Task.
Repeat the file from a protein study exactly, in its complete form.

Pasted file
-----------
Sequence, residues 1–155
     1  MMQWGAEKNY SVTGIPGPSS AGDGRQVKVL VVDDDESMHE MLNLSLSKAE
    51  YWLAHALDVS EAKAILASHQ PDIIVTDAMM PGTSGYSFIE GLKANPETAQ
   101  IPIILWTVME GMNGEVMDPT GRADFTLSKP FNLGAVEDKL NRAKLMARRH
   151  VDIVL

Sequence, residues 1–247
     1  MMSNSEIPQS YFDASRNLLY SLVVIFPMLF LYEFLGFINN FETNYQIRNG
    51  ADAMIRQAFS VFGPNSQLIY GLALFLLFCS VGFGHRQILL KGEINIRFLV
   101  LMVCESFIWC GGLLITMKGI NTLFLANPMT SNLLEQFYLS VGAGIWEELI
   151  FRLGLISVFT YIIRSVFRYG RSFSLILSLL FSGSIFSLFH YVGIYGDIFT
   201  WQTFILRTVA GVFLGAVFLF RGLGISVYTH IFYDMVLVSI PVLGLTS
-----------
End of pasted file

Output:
Sequence, residues 1–155
     1  MMQWGAEKNY SVTGIPGPSS AGDGRQVKVL VVDDDESMHE MLNLSLSKAE
    51  YWLAHALDVS EAKAILASHQ PDIIVTDAMM PGTSGYSFIE GLKANPETAQ
   101  IPIILWTVME GMNGEVMDPT GRADFTLSKP FNLGAVEDKL NRAKLMARRH
   151  VDIVL

Sequence, residues 1–247
     1  MMSNSEIPQS YFDASRNLLY SLVVIFPMLF LYEFLGFINN FETNYQIRNG
    51  ADAMIRQAFS VFGPNSQLIY GLALFLLFCS VGFGHRQILL KGEINIRFLV
   101  LMVCESFIWC GGLLITMKGI NTLFLANPMT SNLLEQFYLS VGAGIWEELI
   151  FRLGLISVFT YIIRSVFRYG RSFSLILSLL FSGSIFSLFH YVGIYGDIFT
   201  WQTFILRTVA GVFLGAVFLF RGLGISVYTH IFYDMVLVSI PVLGLTS